Ehud Yaari is an expert on Middle Eastern affairs. He is the author of eight books on the Arab-Israeli conflict and is an Israel-based Lafer international fellow of The Washington Institute. To listen to the full interview with Yaari click here.
The idea of a serious economic package for Gaza to lift the population out of poverty is currently on the table, although I am very sceptical that it will turn into an implementable plan. Hamas’ agreement that such a package can be handled by others, such as the Palestinian Authority (PA), mirrors its invitation to Abbas to take over the civilian management of the Gaza Strip. Hamas aims to copy the Hezbollah model in Lebanon – to be the strongest military player in the arena but to let others deal with the civilian population. Abbas has historically opposed this, although I am in no position to predict how he might react were such a new Gaza package to be sponsored by the US, the EU or Quartet.
There is currently a big debate and deepening divide within the mainstream Fatah party between those who want to find a formula with Hamas, and those who believe Hamas is the eternal enemy. One of the proposals currently being considered is some sort of PA-Hamas agreement on forming a government of technocrats, although we’re not yet there. Within Hamas, there is a deepening divide between people like Yahya Sinwar, who believe that Hamas can no longer escape the reality of their responsibility for the civilian population in Gaza, and the military chiefs like Mohammed Deif and Marwan Issa, who believe that Hamas is not about serving the people but is about Jihad. I believe the recent violence has strengthened Sinwar and co., not to give up the sacred objective of destroying Israel, but to make Hamas seriously reconsider their next moves. Another factor that may strengthen this inclination is that during the recent escalation both Turkey and Qatar lost their central roles to the Egyptians.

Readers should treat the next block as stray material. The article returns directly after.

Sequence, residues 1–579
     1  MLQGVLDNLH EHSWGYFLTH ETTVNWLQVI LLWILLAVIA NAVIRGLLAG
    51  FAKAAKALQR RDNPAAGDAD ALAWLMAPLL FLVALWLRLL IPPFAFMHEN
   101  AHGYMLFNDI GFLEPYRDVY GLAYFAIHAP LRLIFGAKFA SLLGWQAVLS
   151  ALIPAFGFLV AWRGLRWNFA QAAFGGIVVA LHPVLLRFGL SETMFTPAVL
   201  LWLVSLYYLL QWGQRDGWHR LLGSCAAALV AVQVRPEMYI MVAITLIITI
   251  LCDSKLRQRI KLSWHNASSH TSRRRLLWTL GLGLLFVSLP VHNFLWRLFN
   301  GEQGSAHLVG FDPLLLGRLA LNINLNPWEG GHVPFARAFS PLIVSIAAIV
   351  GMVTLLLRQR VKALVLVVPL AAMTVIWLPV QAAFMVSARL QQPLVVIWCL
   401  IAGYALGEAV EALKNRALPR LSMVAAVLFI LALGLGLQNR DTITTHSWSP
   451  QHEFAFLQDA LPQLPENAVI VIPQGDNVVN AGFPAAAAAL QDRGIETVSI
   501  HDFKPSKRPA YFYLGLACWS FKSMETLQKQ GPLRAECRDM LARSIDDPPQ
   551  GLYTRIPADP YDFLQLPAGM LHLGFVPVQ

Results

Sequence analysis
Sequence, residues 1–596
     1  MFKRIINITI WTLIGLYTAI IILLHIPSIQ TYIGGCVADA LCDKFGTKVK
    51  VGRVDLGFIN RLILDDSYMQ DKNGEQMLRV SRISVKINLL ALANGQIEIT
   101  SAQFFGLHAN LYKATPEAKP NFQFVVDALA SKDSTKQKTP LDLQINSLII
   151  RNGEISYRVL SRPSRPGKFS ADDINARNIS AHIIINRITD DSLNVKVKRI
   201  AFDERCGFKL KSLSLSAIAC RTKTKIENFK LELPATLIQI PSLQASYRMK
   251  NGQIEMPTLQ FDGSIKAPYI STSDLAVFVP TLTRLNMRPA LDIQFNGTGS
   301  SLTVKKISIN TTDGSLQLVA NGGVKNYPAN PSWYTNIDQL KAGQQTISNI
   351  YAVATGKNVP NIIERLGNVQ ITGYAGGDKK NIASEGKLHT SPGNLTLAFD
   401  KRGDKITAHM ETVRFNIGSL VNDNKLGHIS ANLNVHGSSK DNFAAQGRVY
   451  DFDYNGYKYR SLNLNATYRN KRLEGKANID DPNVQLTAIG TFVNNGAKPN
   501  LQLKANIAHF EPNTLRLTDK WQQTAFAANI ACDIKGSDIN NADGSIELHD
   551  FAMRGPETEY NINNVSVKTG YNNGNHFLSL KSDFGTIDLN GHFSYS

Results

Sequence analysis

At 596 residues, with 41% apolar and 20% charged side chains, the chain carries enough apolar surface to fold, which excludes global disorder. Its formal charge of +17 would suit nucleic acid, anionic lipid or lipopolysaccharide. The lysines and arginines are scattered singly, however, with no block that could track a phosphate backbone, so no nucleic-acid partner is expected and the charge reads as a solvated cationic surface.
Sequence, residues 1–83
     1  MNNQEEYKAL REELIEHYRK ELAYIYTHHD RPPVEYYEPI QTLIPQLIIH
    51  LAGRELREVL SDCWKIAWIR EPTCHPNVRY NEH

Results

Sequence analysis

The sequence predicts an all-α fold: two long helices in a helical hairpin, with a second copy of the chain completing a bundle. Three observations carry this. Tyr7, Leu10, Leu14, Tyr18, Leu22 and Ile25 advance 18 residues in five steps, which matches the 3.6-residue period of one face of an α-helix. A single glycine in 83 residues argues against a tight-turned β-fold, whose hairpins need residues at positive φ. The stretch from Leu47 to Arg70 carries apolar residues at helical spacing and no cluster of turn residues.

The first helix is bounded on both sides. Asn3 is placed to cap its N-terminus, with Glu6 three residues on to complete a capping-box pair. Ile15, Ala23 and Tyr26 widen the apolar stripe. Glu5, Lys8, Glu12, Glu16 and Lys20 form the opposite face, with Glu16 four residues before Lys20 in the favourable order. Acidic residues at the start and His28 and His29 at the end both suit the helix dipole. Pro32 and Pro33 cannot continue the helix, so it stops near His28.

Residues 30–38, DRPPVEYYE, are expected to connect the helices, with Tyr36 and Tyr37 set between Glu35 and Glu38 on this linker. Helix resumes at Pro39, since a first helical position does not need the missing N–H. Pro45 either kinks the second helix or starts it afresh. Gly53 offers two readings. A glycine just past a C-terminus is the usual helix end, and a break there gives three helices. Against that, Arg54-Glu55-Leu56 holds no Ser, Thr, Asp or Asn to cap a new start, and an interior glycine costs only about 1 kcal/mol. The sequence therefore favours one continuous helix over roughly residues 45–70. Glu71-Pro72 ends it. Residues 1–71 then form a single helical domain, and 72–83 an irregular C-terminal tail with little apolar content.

The Abraham Accords survived the violence, but it scarred the relationship between Israel and its Gulf allies. Israeli governments now need to take into account its Gulf and Muslim allies when it formulates policy over the West Bank or Gaza. Expanding the circle of normalisation will require greater efforts by the Biden administration. There are a few moe countries contemplating joining, but the US has to be there, just like it was in the previous deals and it’s unclear whether the administration will invest their time and effort in trying to secure those deals. When it comes to Gulf ties with Gaza, Qatar is not going to be a player like it was before – mainly to do with internal Qatari troubles with the sacking of the finance minister. I believe the UAE and others would be willing to fill the Qatari void, but it all depends on the economic package to Hamas and this elusive mechanism plan.
Israel and the US have no solution to prevent dual-use items such as cement, iron, and other equipment falling into Hamas’ hands and helping it to rearm or rebuilding its tunnel network. I do not believe the US – nor the EU or any other regional actor – is willing to be on the ground to monitor this. Moreover, even were the PA to take a very courageous decision to supervise the effort, I believe they will eventually be frightened, bribed and coerced by Hamas and it wouldn’t be effective. Provided someone is able to come up with an ingenious mechanism to supervise the material going into Gaza, we have now a fairly good chance of reaching a de-facto long-term armistice or hudna with an economic package.